"I did quite well on the course because I'm very competitive. I don't mind sitting a test and seeing if I can come top. I'm now competitive for the college that I lead. At primary school, our head teacher believed in putting children into a competitive environment and rewarding success. In my day, if you came last you hung your head in shame but, if you came top, you got the tube of Smarties. I always won the tube of Smarties!

"I would have difficulty if it was argued that you should never publish in the classroom who's come top and who's come bottom. There's nothing wrong with that as long as the person who's come bottom is given the support they need so they can overcome their particular barriers.

"I suppose I've always had a competitive instinct.

"In the south west, I learned to race my sailing yacht. I developed the skills under the tutelage of a member of my college staff. I'm not very good at it but I do race! I also compete whenever I can on my trials motorcycle including recently at Corton near Lowestoft. Some people who take part are considerably older than me!

"I started motocross racing when I was at home on the farm at the age of about 15. Motocross is both dangerous and expensive to compete in at the top level. It's one of the most physically demanding sports that you can do. Trials riding is less tough but still really challenging.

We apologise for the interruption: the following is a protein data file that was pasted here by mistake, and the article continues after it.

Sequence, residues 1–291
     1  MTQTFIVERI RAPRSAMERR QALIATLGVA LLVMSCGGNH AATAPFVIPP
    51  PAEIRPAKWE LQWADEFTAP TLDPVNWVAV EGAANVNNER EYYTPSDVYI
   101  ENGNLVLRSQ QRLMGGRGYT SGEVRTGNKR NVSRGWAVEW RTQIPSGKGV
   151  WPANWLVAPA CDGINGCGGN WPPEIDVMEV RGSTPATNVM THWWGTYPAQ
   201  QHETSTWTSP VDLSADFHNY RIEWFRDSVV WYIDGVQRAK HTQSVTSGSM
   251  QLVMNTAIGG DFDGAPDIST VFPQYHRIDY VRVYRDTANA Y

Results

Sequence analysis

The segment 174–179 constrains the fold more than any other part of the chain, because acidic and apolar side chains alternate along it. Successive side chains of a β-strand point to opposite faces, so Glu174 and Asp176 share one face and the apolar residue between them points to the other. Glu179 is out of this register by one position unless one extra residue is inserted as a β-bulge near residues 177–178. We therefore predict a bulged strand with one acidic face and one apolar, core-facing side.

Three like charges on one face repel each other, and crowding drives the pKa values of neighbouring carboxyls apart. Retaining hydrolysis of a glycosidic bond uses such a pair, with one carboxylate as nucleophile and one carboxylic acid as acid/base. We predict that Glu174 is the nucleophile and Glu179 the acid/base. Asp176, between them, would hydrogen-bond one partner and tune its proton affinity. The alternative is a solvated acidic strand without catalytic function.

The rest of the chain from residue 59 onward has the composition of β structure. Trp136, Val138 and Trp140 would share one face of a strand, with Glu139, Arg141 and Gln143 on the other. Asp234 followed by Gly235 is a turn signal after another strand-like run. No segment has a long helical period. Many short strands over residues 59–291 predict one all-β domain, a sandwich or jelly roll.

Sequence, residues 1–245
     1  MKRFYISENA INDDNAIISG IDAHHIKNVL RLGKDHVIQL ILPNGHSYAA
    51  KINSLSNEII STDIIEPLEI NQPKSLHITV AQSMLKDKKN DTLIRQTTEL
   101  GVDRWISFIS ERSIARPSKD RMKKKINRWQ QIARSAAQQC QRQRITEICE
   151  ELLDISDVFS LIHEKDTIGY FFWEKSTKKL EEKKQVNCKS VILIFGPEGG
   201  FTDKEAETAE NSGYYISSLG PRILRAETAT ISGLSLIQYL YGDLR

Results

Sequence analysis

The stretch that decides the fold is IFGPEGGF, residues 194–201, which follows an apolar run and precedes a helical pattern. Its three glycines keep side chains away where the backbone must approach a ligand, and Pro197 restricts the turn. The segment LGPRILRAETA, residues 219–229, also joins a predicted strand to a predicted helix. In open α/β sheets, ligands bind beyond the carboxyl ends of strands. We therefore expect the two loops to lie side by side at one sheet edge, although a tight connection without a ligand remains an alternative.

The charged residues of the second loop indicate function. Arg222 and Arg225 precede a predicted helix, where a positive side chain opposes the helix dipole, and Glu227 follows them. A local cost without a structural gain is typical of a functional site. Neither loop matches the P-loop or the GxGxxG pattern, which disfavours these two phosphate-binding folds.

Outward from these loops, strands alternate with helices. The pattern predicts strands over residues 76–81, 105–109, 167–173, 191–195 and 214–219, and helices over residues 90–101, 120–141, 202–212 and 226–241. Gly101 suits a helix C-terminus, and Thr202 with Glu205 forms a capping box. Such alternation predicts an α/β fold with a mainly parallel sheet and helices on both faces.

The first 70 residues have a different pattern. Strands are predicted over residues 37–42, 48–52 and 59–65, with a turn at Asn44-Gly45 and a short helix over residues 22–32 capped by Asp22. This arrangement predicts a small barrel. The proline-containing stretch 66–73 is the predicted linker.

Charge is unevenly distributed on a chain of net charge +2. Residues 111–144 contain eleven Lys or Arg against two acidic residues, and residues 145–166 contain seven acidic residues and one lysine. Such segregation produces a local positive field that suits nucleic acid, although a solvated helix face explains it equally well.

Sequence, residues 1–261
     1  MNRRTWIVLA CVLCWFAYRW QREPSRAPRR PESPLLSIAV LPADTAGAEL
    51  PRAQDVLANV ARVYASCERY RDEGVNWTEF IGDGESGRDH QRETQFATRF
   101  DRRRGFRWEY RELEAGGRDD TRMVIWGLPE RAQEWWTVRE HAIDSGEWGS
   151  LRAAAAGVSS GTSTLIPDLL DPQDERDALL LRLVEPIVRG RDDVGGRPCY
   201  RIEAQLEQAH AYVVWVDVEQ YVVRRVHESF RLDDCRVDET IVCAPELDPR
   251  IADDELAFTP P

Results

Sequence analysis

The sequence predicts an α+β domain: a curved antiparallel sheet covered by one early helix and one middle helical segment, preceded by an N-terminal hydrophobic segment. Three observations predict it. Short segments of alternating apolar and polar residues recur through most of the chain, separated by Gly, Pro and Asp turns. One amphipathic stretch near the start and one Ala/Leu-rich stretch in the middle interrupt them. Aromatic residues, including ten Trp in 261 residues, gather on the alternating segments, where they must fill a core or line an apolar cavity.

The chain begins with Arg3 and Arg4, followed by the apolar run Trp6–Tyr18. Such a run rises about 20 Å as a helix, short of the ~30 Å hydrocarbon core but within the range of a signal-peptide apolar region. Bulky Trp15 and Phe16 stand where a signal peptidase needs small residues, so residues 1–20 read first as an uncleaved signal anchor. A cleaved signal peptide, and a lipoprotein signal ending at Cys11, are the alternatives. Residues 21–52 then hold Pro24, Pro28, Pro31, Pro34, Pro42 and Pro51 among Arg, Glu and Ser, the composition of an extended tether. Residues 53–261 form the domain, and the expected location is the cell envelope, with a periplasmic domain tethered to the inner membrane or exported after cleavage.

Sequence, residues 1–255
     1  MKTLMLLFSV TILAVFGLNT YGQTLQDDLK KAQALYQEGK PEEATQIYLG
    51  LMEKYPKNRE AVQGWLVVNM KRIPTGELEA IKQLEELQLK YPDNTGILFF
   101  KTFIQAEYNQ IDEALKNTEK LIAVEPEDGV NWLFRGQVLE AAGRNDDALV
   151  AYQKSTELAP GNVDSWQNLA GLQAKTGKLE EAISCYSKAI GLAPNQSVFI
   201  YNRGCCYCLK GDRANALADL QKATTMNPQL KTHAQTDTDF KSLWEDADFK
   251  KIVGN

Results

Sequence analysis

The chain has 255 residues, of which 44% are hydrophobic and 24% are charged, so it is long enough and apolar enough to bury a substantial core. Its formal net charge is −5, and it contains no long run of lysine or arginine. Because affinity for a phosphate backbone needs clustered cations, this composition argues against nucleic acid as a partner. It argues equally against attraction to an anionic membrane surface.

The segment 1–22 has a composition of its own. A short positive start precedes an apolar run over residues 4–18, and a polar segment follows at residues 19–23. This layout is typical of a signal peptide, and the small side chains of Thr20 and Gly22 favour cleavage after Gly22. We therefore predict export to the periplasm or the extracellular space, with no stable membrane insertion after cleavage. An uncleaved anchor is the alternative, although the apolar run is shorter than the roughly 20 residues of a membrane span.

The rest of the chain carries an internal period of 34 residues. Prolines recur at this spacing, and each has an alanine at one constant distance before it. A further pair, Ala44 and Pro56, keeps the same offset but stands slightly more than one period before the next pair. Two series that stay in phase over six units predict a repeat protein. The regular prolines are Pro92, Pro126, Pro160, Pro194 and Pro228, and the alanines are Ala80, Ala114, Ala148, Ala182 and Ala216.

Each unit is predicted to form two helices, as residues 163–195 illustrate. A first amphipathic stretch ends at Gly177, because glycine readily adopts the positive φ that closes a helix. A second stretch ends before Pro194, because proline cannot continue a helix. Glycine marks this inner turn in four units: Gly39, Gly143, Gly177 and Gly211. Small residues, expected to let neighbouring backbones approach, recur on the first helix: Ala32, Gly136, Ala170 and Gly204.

"I'm competitive in life and I'm competitive on behalf of this college."

Skills for the countryside - and the country

"I've been deeply moved by certain encounters and certain experiences over the years that have helped me get my head around what makes the land-based colleges special.

"When Princess Anne was on Countryfile, she was asked 'What do you think the countryside is ultimately for?'

"I'll never forget her answer: 'What do you mean what is the countryside for? It's for our survival isn't it?'

"You couldn't put it better than that. We are concerned with the industry that feeds the world and that sense of providing for the essentials of life extends to other things we do.